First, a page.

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[] NYT 24.04.03: Canadian Programmer Says U.S. Cut Funding After Comments,

New York Times
April 24, 2003

Canadian Programmer Says U.S. Cut Funding After Comments

By Jennifer Lee

WASHINGTON, April 23 A respected Canadian computer programmer says the 
United States government severed research financing for a computer security 
project he was working on after he made remarks in the Canadian press 
critical of the American military.

The programmer, Theo de Raadt, the 35-year-old founder of an international 
collaborative software project known as OpenBSD, had been receiving support 
from the Defense Advanced Research Project Agency, or Darpa, a research arm 
of the American military that is closely tied to the founding of the Internet.

The money, part of a $2.3 million grant given to the University of 
Pennsylvania, was part of a military effort to create computer systems more 
resilient to hacking, viruses and other attacks. The American military 
estimates that it experiences 250,000 cyberattacks each year.

The controversy highlights the delicate balance between the military and 
the anti-establishment bent of some in the technology community. It also 
shows that the international pool of computer programmers and hackers, 
possessing vast technological expertise, is not entirely sympathetic to the 
American military's current role in world affairs.

A recent interview with Mr. de Raadt, published by The Globe and Mail of 
Toronto, portrayed him as being uneasy about the military source of the 
financing. He was quoted as saying, "I try to convince myself that our 
grant means a half of a cruise missile doesn't get built." The article also 
said he considered the war in Iraq a grab for oil.

Mr. de Raadt said that a few days after the interview was published, 
Jonathan Smith, the Penn professor who heads the military grant project, 
told him people had "expressed discomfort with what I had said." Then last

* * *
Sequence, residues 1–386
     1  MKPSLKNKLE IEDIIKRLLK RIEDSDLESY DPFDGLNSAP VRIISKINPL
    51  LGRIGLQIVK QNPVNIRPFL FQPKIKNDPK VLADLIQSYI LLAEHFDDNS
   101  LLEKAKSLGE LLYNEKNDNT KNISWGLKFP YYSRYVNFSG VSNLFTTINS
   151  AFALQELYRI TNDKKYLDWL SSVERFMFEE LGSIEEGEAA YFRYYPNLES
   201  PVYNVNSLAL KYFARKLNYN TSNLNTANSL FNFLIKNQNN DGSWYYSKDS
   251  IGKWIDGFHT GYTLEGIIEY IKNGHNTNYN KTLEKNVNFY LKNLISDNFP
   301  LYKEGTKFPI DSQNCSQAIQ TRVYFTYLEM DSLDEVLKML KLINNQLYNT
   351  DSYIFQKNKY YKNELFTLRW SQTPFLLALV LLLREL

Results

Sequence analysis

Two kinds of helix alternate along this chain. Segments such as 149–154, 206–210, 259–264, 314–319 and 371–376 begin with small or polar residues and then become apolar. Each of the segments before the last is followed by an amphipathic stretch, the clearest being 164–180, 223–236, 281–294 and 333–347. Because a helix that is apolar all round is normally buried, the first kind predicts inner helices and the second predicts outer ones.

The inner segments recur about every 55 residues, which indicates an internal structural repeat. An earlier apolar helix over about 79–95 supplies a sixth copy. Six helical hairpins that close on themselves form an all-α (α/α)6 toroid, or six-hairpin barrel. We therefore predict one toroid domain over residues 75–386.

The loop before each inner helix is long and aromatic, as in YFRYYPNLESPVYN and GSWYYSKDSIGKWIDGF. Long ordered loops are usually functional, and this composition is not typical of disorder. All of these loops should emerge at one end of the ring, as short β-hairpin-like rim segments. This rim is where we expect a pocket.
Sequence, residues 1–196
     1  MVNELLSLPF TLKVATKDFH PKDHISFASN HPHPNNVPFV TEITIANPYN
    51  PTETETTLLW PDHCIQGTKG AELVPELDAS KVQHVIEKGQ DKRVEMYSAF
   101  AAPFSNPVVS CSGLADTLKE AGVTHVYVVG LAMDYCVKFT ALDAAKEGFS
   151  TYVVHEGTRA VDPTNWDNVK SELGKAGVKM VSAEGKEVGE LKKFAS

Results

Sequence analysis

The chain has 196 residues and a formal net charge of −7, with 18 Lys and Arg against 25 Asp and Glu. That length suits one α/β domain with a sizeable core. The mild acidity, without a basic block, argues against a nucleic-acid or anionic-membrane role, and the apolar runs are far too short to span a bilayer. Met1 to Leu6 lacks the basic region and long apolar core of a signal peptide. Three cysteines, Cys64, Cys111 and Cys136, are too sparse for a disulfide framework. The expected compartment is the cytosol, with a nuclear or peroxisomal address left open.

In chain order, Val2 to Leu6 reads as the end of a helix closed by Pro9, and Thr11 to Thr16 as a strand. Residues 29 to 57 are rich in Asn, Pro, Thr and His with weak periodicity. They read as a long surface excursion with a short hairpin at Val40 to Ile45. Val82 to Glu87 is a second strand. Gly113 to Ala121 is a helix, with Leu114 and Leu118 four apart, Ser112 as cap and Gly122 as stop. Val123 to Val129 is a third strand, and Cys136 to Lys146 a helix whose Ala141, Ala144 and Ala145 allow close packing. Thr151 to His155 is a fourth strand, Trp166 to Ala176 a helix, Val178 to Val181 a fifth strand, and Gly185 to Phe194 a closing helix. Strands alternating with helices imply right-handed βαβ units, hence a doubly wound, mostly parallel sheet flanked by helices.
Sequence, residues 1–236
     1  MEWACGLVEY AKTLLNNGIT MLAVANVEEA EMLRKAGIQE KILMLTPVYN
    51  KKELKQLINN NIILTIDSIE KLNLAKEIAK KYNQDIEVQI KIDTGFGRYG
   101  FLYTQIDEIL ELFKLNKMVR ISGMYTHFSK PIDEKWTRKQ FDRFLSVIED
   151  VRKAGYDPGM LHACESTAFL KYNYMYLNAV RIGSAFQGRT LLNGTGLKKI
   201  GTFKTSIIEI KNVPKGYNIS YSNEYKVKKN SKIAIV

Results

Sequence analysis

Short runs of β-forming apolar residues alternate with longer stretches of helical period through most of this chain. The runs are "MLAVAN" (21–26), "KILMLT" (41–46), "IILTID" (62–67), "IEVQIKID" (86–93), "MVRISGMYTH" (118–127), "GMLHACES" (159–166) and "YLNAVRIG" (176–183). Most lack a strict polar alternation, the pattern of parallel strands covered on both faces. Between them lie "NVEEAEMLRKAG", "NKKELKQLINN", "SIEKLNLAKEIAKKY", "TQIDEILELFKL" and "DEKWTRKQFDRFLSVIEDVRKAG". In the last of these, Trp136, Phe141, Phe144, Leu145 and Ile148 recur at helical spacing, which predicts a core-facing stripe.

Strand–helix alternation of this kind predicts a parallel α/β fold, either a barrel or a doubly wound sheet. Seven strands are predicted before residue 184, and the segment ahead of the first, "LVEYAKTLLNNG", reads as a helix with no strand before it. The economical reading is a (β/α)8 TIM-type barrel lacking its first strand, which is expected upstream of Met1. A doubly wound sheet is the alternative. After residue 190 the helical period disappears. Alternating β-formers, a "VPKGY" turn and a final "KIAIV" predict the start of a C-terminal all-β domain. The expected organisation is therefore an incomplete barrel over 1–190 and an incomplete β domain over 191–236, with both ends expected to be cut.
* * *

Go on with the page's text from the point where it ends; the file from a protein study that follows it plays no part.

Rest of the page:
Friday Professor Smith sent out an e-mail message saying that work had to 
cease immediately because the military stopped the financing and the 
project was "over."

Mr. de Raadt said this left the OpenBSD project in crisis because it had 
already committed tens of thousands of dollars to bringing together 60 
programmers from around the world for a four-day "hackathon" in Calgary in 
May. Darpa money has supported other hackathons for this project.

Some cautioned about reading too much into the military's decision. "These 
kinds of `stop works' happen all the time," said Fernando Pereira, the head 
of Penn's computer science department. "Federal budgets and priorities 
change all the time."

Nevertheless, some computer specialists saw the incident as a rebuke. 
People quickly voiced their displeasure on Web sites, over e-mail lists and 
to the organizations involved.

On Monday, Darpa said it had not cut off all financing for the project, 
just money for the hackathon. Jan Walker, a spokeswoman for Darpa, said the 
agency was reviewing the rest of the project, which has three months left 
in its two-year contract. Decisions about financing had been made because 
of "recent world events and specifically the evolving threat posed by 
increasingly capable nation-states," Ms. Walker said.

Mr. de Raadt said the decision extended beyond the hackathon because the 
project's staff members had been notified this week that their salaries 
would no longer be paid by the military financing. He said the hackathon 
would go on, financed by modest online donations of $50 or $100. He noted 
that even while he was on the phone with a reporter, $65 in donations had 
come in.

"We are free people, we are hobbyists," he said. "We do this for fun."

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